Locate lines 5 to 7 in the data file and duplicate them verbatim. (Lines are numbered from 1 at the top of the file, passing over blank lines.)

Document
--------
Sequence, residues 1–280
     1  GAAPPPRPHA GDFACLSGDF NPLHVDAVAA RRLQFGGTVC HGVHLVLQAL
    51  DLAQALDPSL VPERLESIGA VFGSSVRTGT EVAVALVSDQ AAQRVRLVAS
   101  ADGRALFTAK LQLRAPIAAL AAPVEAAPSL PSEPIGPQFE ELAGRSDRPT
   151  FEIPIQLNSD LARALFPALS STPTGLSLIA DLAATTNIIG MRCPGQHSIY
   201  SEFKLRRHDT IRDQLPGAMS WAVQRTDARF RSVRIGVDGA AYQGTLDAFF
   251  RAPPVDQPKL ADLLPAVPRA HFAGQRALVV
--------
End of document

   151  FEIPIQLNSD LARALFPALS STPTGLSLIA DLAATTNIIG MRCPGQHSIY
   201  SEFKLRRHDT IRDQLPGAMS WAVQRTDARF RSVRIGVDGA AYQGTLDAFF
   251  RAPPVDQPKL ADLLPAVPRA HFAGQRALVV